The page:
Garden Court: Block meetings keep social cohesion on Osage Street

This story package was written and edited for my Philadelphia Neighborhoods class at Temple University and is published on its website.

By Candice Monhollan, Audra Neff-Williams and Mike Polinsky

Freda Egnal moved into her house 41 years ago and has been the block captain. (Mike Polinsky)

Freda Egnal moved into her house 41 years ago and has been the block captain. (Mike Polinsky)

If it weren’t for the pristine, manicured lawns and cars parked on the streets, a walk down the 4800 block of Osage Street in West Philadelphia would lead to thoughts of being vacant.

It’s a quiet neighborhood and on this day, not a person could be found outside, but that doesn’t mean the residents live a secluded life. In fact, this block is socially active with each other and features a variety of races.

“I think we have probably the world’s most diverse block and I think that’s fun in every which way,” said Freda Egnal, the block captain. “We have gay people who are male, gay people who are female. We have single women. We have African families. We have families from India, Argentina, Puerto Rico, Norway, China, the suburbs and people from the city.”

With the racial diversity that highlights the neighborhood, Egnal became the block captain to ensure social cohesion. She noted there isn’t a multitude of problems and it is, in fact, a very low-key spot.

“Our block doesn’t have a lot of problems like some blocks do,” Egnal said. “Our goal was for people to be aware to watch out for each other, to be aware of what was going on and over the years, there have been some break-ins, but not very much.”

The block was built as part of Garden Court, an idea of Clarence Siegel. He developed the area in the 1920s and had the idea it would be for multi-income families, said Dorothy Welch Berlind, the secretary for the Board of Directors at Cedar Park Neighbors.

“This was for professional people,” Berlind said. “His notion was upper-middle class.”

The block doesn’t give off an air of urban life as the homes have flourishing lawns full of flowers and trees.

“The gardens have been cultivated for close to 100 years,” Berlind said.

During the 1960s and ‘70s, there was a period of “white flight,” as Berlind put it, where white people left the city to live in the suburbs instead of integrated neighborhoods.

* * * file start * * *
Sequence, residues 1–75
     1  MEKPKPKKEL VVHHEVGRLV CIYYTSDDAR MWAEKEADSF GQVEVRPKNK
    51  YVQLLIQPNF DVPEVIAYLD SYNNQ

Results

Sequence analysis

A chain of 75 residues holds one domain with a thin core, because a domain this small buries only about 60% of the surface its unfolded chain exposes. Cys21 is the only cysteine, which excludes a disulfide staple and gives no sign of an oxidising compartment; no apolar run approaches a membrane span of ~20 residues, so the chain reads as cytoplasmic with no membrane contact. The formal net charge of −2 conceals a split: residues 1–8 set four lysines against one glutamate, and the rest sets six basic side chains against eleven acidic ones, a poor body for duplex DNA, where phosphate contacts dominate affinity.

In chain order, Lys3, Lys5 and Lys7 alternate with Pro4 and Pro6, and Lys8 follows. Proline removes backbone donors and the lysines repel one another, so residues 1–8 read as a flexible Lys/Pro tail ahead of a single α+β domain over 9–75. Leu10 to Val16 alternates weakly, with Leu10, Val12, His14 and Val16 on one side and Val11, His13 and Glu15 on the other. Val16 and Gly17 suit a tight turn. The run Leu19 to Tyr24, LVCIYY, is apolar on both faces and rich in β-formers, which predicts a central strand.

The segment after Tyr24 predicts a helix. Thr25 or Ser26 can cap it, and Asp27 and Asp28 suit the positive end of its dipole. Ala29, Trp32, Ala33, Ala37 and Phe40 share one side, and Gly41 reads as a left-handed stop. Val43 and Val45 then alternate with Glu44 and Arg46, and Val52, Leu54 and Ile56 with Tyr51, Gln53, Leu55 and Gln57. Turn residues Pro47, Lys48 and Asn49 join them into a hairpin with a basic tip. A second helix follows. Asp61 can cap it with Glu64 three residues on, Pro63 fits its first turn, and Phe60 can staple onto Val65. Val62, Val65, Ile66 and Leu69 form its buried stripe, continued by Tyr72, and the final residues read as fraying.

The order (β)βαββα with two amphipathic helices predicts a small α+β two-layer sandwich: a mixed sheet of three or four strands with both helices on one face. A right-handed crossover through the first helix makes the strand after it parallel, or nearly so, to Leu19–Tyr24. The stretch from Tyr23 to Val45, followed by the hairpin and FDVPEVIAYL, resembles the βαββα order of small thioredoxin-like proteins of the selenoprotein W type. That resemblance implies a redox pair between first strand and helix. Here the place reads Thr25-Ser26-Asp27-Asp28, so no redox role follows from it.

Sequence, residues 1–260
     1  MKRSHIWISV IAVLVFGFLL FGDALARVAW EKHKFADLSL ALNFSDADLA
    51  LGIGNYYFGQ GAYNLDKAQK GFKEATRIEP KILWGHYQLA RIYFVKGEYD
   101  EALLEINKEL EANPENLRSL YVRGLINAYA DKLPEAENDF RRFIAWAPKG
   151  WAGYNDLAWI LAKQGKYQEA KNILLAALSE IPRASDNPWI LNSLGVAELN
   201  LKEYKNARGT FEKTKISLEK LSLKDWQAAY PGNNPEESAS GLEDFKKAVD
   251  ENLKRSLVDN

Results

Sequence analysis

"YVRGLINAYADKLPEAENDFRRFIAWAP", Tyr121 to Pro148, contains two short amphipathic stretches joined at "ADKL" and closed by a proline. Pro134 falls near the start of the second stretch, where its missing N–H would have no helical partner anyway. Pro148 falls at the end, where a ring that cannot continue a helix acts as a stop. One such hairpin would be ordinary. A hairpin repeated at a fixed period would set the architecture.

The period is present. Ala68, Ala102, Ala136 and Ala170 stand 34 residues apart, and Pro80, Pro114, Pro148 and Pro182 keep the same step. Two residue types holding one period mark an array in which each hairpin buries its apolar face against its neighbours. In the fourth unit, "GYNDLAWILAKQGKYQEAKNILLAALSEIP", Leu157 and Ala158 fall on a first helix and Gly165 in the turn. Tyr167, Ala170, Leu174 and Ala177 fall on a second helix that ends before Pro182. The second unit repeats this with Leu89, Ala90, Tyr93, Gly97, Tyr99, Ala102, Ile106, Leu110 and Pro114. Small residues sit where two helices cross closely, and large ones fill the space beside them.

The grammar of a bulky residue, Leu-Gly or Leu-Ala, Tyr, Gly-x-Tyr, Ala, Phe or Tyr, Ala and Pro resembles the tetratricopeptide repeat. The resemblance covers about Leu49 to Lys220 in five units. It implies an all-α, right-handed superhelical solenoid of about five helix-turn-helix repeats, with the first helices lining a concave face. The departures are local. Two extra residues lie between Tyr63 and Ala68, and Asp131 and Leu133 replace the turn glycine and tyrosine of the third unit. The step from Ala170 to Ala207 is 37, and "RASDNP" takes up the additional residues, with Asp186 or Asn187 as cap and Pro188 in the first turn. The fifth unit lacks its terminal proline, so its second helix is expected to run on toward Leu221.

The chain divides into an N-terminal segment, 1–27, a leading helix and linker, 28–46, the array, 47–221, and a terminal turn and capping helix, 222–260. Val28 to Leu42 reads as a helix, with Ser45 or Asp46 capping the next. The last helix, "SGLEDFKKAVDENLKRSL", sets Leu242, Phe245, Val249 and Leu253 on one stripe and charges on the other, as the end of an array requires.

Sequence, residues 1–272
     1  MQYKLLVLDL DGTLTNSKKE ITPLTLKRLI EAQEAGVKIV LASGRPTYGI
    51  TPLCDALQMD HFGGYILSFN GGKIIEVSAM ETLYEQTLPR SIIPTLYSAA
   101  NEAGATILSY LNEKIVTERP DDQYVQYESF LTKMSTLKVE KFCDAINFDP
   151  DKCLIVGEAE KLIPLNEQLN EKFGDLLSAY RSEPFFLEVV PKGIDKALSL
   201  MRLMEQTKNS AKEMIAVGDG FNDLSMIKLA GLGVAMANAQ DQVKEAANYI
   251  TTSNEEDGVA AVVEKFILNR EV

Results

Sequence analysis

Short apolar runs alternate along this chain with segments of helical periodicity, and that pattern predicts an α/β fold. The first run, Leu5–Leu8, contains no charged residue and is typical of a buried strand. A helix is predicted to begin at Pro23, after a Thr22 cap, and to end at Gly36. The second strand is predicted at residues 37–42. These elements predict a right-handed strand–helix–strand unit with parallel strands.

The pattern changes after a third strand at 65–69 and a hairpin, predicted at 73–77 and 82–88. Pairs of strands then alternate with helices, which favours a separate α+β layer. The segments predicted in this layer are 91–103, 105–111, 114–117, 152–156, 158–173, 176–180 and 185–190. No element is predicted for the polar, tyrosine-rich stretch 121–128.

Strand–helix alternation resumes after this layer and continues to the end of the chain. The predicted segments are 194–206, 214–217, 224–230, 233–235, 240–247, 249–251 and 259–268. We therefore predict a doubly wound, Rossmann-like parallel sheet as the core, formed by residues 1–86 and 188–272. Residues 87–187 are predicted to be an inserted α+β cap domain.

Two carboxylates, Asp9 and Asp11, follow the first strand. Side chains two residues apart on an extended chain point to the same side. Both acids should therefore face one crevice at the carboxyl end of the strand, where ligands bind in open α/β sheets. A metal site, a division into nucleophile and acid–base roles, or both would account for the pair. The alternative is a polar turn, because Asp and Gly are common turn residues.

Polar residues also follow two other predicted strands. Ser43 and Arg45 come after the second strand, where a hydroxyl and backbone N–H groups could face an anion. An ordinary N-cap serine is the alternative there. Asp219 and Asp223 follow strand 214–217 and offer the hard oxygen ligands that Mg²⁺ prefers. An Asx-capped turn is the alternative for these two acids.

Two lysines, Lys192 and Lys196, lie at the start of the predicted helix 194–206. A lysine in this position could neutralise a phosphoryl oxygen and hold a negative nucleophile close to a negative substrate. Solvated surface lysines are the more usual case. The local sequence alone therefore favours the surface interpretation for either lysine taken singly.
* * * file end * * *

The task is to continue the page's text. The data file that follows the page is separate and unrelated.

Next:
Residents of the neighborhood enjoyed some food at the block meeting. (Mike Polinsky)

Residents of the neighborhood enjoyed some food at the block meeting. (Mike Polinsky)

The University of Pennsylvania helped keep the area going through this time with its mortgage plan. The university paid for a person’s mortgage just to get them to live in the area.

“It was for staff and faculty,” Egnal said. “That was certainly an influence in people buying.”

The 4800 block is not unusual with its use of a block captain. Philadelphia has had a long history of organized blocks, said Egnal, and it helped to maintain neighborhoods. She decided to organize this block shortly after buying the house in 1971.

“The block has changed,” Egnal said. “There has been some turnover, but this [organized block] is really a mechanism to greet new people and to make them feel welcome and connected.”

Bob Dabrow, a longtime resident of the block, has been witness to the transformation over the years.

He moved with his family in 1958 at the age of 5 and took a hiatus later for eight years while living in a monastery before returning.

“When I first moved here, I can remember a lot of older people,” Dabrow said. “We had a few doctors on this block that had their offices in their home and they would see patients.”

Dabrow may have moved back to the block from the monastery, but he brought a little bit of it with him.

“[My dad] built a chapel in our home and I got permission to live the monastic life here,” Dabrow said. “The block has a chapel with a resident monk.”

Dabrow may have a long history on the block, but his housemate is different.

“I’m not the youngest, but I’m the newest,” said Hector Rodriguez, a seven-year resident. “This is the first time I’ve lived in Philadelphia. It’s very quiet and people are nice. It’s a mixed neighborhood.”

Betty and Vino Saigan add to the diversity of the block. They met in Argentina and married in 1968. The couple lived in New Orleans until Hurricane Katrina displaced them in 2005.

To them, life was much different when they came to Philadelphia.

“I think we have a much better community of neighbors,” Betty Saigan said. “It is a much more sense of community here.”

Vino and Betty Saigan participated in the block meeting. (Mike Polinsky)

Vino and Betty Saigan participated in the block meeting. (Mike Polinsky)

Block meetings help to keep that feel of a close-knit neighborhood. Though not everyone attends, it is still a popular event and something worthwhile in the eyes of some.

“I think it’s very important to know who your neighbors are and what you can do,” Betty Saigan said.

Vino Saigan added, “And to feel close to everyone who is your neighbor.”

Dabrow said he wasn’t good with attending meetings, but lately because of Rodriguez, he’s gone to the last two.

“[Rodriguez] is very friendly with everybody on the block,” Dabrow said. “When we were getting emails, he goes, ‘I think we should go.’ We started coming and now they know him pretty well. I get to know what’s going on now, in a positive way.”

In this day and age, it would be easy for residents of the block to introverted and keep to themselves, but it’s not the case on Osage Street.

“There’s quite a sense of community,” Berlind said. “Everyone’s not involved. Some people live like city people and don’t reach out too much, but this is a very friendly community in many, many ways.”

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